My Adoption Story

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Told by: Anonymous

I remember that it was Christmas, I remember this because I kept thinking to myself that the lights looked so pretty, even when they are fuzzy white lights are so pretty, they cast a beautiful glow. The thing is that I couldn’t remember why the lights looked fuzzy, why should they, I’m looking right at them. Then I remembered, me and my fuzzy brain, that the reason they looked fuzzy was because I had been beaten up and I was lying on the floor dazed, confused, bloody, broken and waiting…. Waiting for my fiancé, Aaron, to come back with the plastic bag, the bag he planned to put over my head and finish me off with. Before I could even begin to move, the bag was already being slipped over my head and cinched around my throat. I couldn’t breath, but I couldn’t move because I was hurt so badly, I wasn’t strong enough. All of a sudden something snapped in me, I have no clue how, but I mustered enough strength and my Aaron, supposedly the love of my life, shifted his weight just enough so I could slip out from under him, I kicked him and ran. I ran for my life, and the life of my baby, the one I had just told him not 1 hour earlier we were going to have.

I was in shock; I wasn’t supposed to be pregnant at 18 years old. I thought I took all the necessary precautions, I actually didn’t even know I was pregnant for the whole first trimester. Because of that, Aaron didn’t believe me, couldn’t figure out why I would lie to him for so long, to wait so nothing could be done to “fix” it, to trap him (wait weren’t we engaged already and planning a wedding?), to ruin him and his life and take all his money. The next thing I knew I was on the floor, beaten, bloody, broken, and dying. I remember running to fast and hard down the street I wanted to throw up, or pass out, or both. I finally made it to a house where the lights were on and I knew I could stop there and at least ask for help. I called for help, did the right thing and that officer that showed up to take the report, well it was just my luck, that he was really good friends with Aaron. So I wasn’t surprised when I got a phone call the next day from Aaron, groveling, apologizing and begging for me to come back.

It wasn’t going to happen, not ever. The problem at that point was; what was I going to do about my pregnancy, my baby? I knew that I wanted to keep my baby, I wanted children, and I wanted to parent…eventually. I knew that I was going to have to talk with my parents very soon, let them know what was happening; I just didn’t want to tell them everything that had happened. I managed to stay low until I had healed enough so they couldn’t tell I had been beaten. I didn’t want to break their hearts twice in one conversation. I told them I was pregnant and that I wasn’t with Aaron anymore. I told them at that point I was 4 months along and I didn’t know what to do, I was scared, hurt and lost. The amount of support my dad gave me was amazing; my mom on the other hand seemed to take my pregnancy as a personal attack on her. It took her a while to come around and support me. In the end they both supported whatever decision I wanted to choose.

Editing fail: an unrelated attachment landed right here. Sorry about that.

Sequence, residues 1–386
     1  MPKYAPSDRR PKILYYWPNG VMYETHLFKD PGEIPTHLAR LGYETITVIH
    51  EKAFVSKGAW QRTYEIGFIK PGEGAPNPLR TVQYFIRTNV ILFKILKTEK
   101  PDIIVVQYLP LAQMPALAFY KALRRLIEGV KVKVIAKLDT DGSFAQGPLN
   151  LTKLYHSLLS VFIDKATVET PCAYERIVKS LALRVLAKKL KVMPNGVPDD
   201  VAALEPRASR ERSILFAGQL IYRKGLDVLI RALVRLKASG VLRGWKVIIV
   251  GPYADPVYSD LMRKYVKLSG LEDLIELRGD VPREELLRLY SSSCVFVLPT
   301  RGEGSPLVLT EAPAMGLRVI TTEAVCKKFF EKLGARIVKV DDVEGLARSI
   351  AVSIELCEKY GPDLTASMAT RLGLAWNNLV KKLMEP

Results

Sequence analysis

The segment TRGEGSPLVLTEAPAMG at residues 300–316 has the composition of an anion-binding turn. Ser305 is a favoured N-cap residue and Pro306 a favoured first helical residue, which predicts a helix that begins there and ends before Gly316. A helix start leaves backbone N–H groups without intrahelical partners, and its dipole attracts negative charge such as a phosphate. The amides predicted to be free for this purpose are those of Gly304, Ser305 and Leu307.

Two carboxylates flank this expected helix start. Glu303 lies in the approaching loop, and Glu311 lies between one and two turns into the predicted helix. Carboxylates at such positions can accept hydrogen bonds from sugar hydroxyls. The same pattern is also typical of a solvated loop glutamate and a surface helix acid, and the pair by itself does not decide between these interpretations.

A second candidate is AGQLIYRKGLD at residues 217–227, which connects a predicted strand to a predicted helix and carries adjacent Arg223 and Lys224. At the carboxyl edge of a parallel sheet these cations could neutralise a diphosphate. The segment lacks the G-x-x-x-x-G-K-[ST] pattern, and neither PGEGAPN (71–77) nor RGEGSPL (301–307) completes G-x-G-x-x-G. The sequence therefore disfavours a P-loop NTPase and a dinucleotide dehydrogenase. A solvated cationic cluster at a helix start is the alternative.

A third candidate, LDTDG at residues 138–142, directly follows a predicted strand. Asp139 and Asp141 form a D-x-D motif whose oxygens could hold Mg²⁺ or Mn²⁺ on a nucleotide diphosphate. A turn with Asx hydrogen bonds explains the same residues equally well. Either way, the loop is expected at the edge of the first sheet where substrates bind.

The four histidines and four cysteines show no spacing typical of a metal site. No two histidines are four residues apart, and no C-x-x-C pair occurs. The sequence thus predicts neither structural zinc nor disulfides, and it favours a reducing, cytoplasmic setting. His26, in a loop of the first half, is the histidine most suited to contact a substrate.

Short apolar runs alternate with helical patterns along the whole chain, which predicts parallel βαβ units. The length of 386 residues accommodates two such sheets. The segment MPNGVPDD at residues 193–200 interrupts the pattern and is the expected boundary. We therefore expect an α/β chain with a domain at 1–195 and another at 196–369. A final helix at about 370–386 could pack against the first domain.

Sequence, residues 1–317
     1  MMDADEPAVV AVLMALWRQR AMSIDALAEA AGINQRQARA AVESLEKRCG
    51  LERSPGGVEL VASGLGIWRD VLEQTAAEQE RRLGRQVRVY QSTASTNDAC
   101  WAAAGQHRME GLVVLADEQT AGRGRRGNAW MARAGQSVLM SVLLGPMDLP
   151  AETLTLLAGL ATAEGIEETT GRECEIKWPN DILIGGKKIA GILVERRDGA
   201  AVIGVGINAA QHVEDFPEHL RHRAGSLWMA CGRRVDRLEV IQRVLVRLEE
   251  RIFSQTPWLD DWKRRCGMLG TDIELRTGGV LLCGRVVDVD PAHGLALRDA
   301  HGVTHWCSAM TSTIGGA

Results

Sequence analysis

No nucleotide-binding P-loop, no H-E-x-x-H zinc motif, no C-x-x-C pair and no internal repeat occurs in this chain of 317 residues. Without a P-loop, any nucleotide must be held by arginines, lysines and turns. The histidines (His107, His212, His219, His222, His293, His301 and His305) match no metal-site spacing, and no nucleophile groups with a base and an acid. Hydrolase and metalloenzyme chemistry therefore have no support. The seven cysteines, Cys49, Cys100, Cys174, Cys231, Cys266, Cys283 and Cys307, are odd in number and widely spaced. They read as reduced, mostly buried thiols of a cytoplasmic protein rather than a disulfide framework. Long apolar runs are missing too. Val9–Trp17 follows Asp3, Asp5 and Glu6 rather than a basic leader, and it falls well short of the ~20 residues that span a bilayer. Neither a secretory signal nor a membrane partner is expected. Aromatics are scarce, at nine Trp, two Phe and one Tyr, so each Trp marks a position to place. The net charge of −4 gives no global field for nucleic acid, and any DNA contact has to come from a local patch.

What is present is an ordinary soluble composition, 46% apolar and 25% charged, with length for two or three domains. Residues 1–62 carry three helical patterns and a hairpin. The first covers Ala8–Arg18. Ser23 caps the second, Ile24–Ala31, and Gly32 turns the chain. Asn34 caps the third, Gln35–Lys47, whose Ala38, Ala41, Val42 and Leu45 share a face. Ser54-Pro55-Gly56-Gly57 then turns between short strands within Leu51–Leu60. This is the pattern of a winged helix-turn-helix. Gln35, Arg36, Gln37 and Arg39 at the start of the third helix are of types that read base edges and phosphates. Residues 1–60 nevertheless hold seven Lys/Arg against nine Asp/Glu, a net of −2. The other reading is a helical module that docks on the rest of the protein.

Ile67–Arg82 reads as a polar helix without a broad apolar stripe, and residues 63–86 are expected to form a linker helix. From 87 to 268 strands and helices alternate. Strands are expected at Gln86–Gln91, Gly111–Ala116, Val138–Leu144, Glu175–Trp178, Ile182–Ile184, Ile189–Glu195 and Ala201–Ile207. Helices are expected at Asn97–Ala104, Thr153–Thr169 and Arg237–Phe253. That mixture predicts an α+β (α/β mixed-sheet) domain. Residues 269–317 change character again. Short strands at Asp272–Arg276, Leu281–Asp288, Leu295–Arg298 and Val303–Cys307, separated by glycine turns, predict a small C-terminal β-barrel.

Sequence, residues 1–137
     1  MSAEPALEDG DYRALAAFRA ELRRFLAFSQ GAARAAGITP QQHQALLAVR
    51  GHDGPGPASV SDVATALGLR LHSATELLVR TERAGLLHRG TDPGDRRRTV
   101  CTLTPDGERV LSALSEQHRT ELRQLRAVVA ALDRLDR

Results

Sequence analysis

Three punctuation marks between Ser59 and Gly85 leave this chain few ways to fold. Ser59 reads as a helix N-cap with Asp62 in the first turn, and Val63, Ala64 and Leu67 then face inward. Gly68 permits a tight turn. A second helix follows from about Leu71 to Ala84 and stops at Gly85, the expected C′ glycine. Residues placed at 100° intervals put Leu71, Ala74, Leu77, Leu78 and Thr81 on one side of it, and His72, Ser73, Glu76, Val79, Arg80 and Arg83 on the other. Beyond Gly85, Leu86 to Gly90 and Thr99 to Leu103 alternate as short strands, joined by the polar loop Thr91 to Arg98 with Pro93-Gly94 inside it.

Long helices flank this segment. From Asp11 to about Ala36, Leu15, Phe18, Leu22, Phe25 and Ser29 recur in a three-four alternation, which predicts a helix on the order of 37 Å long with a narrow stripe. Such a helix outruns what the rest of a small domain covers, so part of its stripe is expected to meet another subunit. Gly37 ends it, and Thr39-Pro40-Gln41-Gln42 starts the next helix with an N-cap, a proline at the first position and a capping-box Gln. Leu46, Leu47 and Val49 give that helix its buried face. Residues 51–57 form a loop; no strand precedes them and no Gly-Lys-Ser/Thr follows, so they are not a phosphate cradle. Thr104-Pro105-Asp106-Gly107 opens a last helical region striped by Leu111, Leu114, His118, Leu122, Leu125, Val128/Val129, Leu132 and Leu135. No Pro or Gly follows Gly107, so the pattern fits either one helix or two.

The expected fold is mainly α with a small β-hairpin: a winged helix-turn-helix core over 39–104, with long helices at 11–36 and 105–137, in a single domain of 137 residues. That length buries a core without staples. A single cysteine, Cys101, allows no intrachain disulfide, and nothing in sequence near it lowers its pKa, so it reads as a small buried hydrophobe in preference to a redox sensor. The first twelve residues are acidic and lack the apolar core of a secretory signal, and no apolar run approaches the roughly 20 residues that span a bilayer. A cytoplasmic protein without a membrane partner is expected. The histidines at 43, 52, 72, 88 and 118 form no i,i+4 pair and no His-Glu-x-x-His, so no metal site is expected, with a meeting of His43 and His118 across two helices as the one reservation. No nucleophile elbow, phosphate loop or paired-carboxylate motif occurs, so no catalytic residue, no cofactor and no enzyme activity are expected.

I knew about adoption because some very good friends of our family were going through the adoption process. We got to learn all about the ins and outs of adoption, we watched them go through the highs of finding a birth mother and the lows of having that mother change her mind in the hospital, we saw that happen 3 times. After the 3rd time that happened, when the hoped to be father called us to tell us that they couldn’t take it anymore, they were just not meant to be parents, I knew I had my answer.

I asked to come visit them; you can imagine their shock when they opened their door and there stood a 6 month pregnant, 18 year old girl they had knows since she was 10. I told them that I had been engaged, that I had thought I had done everything to prevent a pregnancy, but I obviously didn’t do enough. I also told them that I wanted a baby, I wanted to parent, I wanted my baby….but not now, not yet, I wasn’t ready and I wasn’t ready to put my daughter in a situation where her life was going to be threatened and affected by her father. Not ever. I asked this couple if they would like a baby girl, because I had one that I wanted to give them.